Kumpikaan Nietzschen 'mielipide' ei edusta hänen virallista kantaansa, joka oli perin ambivalentti juuri näiden kahden tyypin suhteen.
Sokrateen optimistista järki=hyve=onni-periaatetta Nietzsche piti asenteena, joka peitti näkyvistä äärirationalismiin aina sisältyvän nihilismin: pessimismin ja dekandenssin.
Jeesusta Nietzsche puolestaan kritisoi epärealistisesta rakkaudenjulistuksesta (Vuorisaarna), mutta arvosti suuresti hänen vapauttaan ja sitä, ettei Jeesuksessa ollut ressentimenttiä - kaunaa ja kostonhalua.
Mixed Opinions and Maxims.
If all goes well, the time will come when one will take up the memorabilia of Socrates rather than the Bible as a guide to morals and reason... The pathways of the most various philosophical modes of life lead back to him... Socrates excels the founder of Christianity in being able to be serious cheerfully and in possessing that wisdom full of roguishness that constitutes the finest state of the human soul. And he also possessed the finer intellect.
The "kingdom of heaven" is a state of the heart—not something that is to come "above the earth" or "after death." The whole concept of natural death is lacking in the evangel: death is no bridge, no transition; it is lacking because it belongs to a wholly different, merely apparent world, useful only insofar as it furnishes signs. The "hour of death" is no Christian conception—"hour," time, physical life and its crises do not even exist for the teacher of the "glad tidings" ... The "kingdom of God" is nothing that one expects; it has no yesterday and no day after tomorrow, it will not come in "a thousand years"—it is an experience of the heart; it is everywhere, it is nowhere ...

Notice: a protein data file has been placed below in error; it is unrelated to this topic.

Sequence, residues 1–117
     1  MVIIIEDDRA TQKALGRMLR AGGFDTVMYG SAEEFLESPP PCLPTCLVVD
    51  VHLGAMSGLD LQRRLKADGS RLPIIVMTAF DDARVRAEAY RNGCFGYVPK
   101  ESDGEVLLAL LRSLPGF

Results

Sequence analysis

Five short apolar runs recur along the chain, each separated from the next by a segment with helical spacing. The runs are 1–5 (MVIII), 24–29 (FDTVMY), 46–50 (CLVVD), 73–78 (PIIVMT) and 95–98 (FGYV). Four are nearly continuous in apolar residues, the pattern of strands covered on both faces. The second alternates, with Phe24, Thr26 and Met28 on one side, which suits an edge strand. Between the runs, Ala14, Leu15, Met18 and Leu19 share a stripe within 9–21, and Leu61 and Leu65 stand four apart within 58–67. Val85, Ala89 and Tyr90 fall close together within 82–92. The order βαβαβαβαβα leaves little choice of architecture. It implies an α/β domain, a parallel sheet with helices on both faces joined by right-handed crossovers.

This "bringer of glad tidings" died as he had lived, as he had taught—not to "redeem men" but to show how one must live. This practice is his legacy to mankind: his behavior before the judges, before the catchpoles, before the accusers and all kinds of slander and scorn—his behavior on the cross. He does not resist, he does not defend his right, he takes no step which might ward off the worst; on the contrary, he provokes it ... And he begs, he suffers, he loves with those, in those, who do him evil ...
The words to the thief on the cross contain the whole gospel. "That was indeed a more divine man, a 'child of God'" says the thief. "If you feel this," answers the Redeemer, "thus you are in paradise, thus you are also a child of God ..." Not to resist, not to be angry, not to hold responsible ... but to resist not even the evil one—to love him ...